The Civil War letters of forty-one-year-old Captain Tristrim Lowther Skinner of North Carolina’s Albemarle Guards constitute a literary masterpiece. Part newsletter, part diary, part marital conversation, these ninety letters written to his wife, Eliza, cover one year from June 1861 to June 1862. In carefully detailed, often lively prose, Captain Skinner describes camp life outside Richmond: medical concerns, home news, military strategy, religious views and newspaper accounts. He wrote Eliza long letters at least twice a week, advised her on plantation household management, and followed as best he could the growth and development of their four children, aged seven, five, three, and one.
An almost unbearable suspense hung over Skinner’s camp in late 1861 as Union General George B. McClellan failed to articulate or enact strategies to advance against Confederate forces. A corresponding tension builds in Skinner’s letters as he waits weeks, then months, for furlough to return home for the birth of his fifth child. He missed the birth but arrived home in time for the Fall of Roanoke, the destruction of his ironclad steamship Curlew, and the occupation by federal forces of Albemarle Sound in the early spring of 1862. Along with other elite planter families, Skinner escorted his wife and children to Oxford, North Carolina, where they refugeed until the end of the war.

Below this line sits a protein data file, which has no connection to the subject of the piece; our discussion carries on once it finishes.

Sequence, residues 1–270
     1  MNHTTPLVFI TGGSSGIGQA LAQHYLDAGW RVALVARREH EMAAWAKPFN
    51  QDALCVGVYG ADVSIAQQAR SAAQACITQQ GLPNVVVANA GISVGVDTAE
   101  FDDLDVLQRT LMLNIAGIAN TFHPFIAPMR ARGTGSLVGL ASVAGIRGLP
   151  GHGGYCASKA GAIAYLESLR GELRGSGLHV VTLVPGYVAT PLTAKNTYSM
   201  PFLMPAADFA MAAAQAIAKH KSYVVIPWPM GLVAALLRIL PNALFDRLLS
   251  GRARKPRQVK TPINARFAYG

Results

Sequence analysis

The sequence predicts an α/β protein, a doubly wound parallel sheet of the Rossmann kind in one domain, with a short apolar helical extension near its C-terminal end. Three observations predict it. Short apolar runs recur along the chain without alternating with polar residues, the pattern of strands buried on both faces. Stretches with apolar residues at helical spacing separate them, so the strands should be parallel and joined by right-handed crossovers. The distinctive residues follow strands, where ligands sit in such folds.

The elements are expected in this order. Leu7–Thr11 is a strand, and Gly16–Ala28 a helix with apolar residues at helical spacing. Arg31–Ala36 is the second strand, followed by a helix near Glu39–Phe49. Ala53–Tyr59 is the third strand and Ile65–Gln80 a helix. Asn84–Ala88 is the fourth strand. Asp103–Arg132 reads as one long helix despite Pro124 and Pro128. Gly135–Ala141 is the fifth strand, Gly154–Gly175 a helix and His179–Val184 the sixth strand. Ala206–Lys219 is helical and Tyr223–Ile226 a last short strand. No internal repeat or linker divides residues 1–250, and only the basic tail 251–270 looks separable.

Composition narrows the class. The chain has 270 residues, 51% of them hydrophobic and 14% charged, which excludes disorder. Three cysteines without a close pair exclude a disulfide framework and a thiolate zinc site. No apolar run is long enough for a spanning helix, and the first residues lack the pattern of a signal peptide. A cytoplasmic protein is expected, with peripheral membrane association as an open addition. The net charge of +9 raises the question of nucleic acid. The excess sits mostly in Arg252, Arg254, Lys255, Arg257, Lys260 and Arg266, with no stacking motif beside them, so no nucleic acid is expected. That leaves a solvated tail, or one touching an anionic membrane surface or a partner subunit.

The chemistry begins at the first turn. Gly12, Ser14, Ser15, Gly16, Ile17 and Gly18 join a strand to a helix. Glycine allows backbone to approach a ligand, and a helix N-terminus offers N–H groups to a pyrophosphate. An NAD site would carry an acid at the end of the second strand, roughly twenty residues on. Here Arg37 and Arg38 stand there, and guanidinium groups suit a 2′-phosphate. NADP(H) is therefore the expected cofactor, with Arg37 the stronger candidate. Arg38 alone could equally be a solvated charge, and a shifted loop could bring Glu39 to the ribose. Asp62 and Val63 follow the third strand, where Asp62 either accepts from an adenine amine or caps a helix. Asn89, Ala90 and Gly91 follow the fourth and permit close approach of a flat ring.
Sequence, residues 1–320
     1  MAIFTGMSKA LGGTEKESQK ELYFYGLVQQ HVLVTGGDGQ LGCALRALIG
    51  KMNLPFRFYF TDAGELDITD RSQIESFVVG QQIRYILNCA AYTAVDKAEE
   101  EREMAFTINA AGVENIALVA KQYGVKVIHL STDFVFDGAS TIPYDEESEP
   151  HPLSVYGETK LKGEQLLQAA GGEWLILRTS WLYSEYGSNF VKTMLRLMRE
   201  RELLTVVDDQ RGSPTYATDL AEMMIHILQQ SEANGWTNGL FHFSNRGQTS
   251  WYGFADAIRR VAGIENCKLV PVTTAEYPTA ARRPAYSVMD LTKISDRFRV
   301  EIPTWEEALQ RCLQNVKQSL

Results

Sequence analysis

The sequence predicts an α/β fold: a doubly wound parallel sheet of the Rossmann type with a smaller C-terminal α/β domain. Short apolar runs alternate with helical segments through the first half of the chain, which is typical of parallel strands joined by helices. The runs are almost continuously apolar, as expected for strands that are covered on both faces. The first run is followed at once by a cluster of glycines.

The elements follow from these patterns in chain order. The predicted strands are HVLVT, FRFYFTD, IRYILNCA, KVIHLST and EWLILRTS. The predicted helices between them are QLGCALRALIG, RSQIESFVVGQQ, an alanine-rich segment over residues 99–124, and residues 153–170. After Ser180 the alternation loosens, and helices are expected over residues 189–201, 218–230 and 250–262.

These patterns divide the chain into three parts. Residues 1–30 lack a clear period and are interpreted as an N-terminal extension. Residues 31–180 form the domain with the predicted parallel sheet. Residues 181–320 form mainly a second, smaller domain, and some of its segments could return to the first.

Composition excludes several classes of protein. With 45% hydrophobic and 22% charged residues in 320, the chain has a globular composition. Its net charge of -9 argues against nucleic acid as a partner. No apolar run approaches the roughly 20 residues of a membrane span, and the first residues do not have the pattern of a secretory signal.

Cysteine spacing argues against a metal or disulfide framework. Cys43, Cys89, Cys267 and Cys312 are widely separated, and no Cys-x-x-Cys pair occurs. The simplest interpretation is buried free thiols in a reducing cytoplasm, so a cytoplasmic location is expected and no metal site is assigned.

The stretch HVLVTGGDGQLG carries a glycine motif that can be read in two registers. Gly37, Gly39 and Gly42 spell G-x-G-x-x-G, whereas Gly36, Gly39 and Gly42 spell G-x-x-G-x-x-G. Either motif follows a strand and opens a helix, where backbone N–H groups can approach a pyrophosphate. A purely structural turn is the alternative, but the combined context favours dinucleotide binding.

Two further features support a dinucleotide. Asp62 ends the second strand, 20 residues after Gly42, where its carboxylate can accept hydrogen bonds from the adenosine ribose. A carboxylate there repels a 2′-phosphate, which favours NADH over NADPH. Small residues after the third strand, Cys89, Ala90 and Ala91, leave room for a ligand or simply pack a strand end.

Promoted to Major in April, Skinner participated in the build-up to the Peninsula Campaign, and in mid-June, his regiment joined Ripley’s Brigade. His first battle – the massacre known as the Battle of Beaver Dam Creek or the Battle of Mechanicsville – would be his last.
He was killed almost instantly when struck in the chest by a miniball. Of the more than fifteen hundred men who mustered into the 1st Regiment North Carolina State Troops, only ten officers and sixty-one soldiers surrendered at the end of the war. Skinner’s correspondence presents a close-up view – perhaps the only view – of North Carolina’s Albemarle Guards, relays credible reports of occupied eastern North Carolina, and offers a nuanced portrait of a marriage both strengthened and strained by separation and uncertainty.
Read a sample letter.